Dr. Mona Khanna, discusses the new screening recommendations from the U.S. Preventive Services Task Force and why they have changed.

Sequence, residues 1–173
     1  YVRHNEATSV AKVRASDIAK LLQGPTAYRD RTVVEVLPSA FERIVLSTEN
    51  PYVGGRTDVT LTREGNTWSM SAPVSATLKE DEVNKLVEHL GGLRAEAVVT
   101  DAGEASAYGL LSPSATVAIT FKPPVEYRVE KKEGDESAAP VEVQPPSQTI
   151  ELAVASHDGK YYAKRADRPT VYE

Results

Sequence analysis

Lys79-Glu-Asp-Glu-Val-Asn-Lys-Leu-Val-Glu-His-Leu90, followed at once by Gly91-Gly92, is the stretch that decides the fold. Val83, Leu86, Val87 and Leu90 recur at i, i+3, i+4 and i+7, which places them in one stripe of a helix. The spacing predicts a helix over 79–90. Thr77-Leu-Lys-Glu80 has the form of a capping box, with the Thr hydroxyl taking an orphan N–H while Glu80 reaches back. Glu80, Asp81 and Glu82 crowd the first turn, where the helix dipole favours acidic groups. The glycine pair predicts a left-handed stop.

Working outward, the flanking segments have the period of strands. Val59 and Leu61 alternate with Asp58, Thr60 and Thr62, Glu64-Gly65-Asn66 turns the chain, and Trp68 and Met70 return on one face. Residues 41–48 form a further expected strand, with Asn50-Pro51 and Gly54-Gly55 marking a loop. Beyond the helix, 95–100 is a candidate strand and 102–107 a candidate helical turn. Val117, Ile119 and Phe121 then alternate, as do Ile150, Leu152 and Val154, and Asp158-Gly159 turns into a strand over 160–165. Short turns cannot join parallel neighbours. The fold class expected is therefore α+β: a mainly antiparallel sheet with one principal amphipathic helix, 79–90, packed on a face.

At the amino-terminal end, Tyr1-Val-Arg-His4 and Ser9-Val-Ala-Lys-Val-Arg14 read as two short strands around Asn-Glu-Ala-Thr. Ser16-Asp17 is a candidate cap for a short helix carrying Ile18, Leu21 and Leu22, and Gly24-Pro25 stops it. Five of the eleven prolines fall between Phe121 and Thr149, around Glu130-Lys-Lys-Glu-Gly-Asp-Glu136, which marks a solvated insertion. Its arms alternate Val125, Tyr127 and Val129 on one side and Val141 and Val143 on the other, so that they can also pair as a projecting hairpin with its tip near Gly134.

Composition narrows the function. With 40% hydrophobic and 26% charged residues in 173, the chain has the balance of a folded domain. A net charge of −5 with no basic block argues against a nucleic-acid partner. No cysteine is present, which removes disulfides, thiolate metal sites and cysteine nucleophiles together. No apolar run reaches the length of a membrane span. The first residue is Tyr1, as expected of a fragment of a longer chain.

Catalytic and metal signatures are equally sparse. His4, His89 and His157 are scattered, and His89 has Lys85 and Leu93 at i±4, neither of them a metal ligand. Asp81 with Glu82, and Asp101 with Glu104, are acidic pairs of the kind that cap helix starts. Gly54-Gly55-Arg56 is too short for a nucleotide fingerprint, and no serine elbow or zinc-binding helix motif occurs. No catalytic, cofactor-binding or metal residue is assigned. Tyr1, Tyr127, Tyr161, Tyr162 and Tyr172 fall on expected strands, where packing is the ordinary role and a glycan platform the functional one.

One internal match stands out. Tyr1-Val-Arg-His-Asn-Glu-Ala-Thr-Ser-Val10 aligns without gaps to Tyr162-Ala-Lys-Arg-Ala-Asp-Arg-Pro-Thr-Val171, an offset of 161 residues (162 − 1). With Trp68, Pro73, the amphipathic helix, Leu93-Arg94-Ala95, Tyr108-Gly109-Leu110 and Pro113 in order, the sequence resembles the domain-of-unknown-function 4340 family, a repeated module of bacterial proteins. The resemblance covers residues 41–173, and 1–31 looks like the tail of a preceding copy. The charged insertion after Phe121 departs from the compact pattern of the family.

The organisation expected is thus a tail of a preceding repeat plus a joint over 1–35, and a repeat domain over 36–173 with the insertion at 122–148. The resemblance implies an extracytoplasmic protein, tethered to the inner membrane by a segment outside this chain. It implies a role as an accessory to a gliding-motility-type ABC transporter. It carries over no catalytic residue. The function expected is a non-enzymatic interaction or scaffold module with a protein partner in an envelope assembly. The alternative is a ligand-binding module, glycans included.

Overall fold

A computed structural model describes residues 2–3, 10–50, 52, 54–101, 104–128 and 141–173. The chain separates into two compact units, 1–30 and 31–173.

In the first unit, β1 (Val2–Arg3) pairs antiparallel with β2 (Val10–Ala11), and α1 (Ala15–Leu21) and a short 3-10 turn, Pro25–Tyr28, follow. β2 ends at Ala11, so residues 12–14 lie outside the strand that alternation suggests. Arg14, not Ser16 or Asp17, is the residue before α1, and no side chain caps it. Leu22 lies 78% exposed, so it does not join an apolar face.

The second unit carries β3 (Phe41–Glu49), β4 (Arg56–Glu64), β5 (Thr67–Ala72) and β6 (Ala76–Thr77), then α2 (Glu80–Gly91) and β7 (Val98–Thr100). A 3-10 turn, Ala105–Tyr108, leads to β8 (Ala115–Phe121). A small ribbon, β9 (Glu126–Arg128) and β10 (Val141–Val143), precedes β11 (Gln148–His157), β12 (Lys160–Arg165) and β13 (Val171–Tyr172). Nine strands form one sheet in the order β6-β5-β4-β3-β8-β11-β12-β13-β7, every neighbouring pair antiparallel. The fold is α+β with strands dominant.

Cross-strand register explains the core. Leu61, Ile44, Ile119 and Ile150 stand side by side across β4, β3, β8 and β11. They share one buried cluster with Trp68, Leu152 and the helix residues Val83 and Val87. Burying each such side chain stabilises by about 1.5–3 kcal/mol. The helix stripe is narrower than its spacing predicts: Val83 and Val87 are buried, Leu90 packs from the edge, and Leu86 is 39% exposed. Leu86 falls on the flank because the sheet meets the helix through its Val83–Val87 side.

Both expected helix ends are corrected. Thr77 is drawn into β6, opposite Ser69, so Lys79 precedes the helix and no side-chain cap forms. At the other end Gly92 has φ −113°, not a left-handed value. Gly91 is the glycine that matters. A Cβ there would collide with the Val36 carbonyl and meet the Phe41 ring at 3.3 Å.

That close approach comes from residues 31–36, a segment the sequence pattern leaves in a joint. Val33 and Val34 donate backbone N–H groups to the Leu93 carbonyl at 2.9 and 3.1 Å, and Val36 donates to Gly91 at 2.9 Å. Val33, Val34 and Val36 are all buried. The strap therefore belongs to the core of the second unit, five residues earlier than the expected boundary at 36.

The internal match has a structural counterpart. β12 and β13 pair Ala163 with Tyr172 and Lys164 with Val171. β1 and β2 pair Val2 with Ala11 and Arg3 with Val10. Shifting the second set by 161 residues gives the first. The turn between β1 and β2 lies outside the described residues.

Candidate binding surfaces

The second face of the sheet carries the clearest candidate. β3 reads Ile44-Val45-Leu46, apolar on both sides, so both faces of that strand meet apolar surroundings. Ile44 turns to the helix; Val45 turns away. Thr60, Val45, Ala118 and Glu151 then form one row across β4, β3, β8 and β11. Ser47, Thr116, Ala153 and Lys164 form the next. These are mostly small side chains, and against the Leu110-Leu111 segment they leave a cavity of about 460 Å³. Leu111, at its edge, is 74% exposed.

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Rebecca Fox: To screen or nor to screen, we often here about recommendations for cancer screenings and now, the leading prevention organizations say it's recommending against prostate cancer screening for certain group. Icyou's medical editor Dr. Mona Khanna joins us now to explain these new recommendations. And Dr. Mona, what are these recommendations? Dr. Mona Khanna: Well, the United States Preventive Services Task Force, Rebecca is now saying that men 75 and older, do not need to be screened at all for prostate cancer. Either by the blood test, the PSA test or the digital rectal examine. That's where the doctor feels around for lumps and masses. Rebecca Fox: Why have these recommendations changed? Dr. Mona Khanna: Well, the WINS organization works is that it can recommend for something, it can remain neutral or it cannot recommend for something and it's decided to go the third way for this particular test, because it says, first of all, there is no improvement in long term outcome for this group of men. In other words, screen or don't screen, we see no increase in their life expectancy. So what's the point of screening when it can cause discomfort, when it's expensive and when people have to go to the trouble of actually going to get the test done. Rebecca Fox: Aside from this age group, what are the recommendations for prostate cancer screening in other men? Dr. Mona Khanna: Well, it actually falls in the middle category for the other group of men, which is everybody under the age of 75. And the US Preventive Services Task Force says, that group of men, it recommends, it doesn't have a recommendation at all. It doesn't recommend for and it doesn't recommend against. So what that means is that other organizations have made their own recommendations or your personal physician will say, well, it is my practice to A do the prostate specific antigen test; or B do the digital rectal exam. Now I will tell you that when I was in medical school, we were trained that after the age of 40 we were supposed to do the digital rectal exam on men. The PSA test is something that has come up in more recent years. So I think that's the common practice is the doctors do the digital rectal exam and or the PSA test. Usually, the digital rectal exam starts after age 40 and PSA test starts after age 50. There are some groups that are at higher risk for prostate cancer such as African-American men and in those cases, individual recommendations are made at the advice of the person's doctor. Rebecca Fox: So for most men, the recommendations have stayed the same? Dr. Mona Khanna: Well, from the other groups. This groups that has coming out now and saying, they don't recommend or they recommend against doing the test is one group, but in medicine we have several organizations that look after the welfare of the patients and some of the other group say, after 40, digital rectal exam. After 50, get that PSA test every year. Rebecca Fox: Alright, Dr. Mona some important advice. Thank you so much. You can watch more videos featuring Dr. Mona Khanna on www.icyou.com. For icyou on topic, I'm Rebecca Fox.

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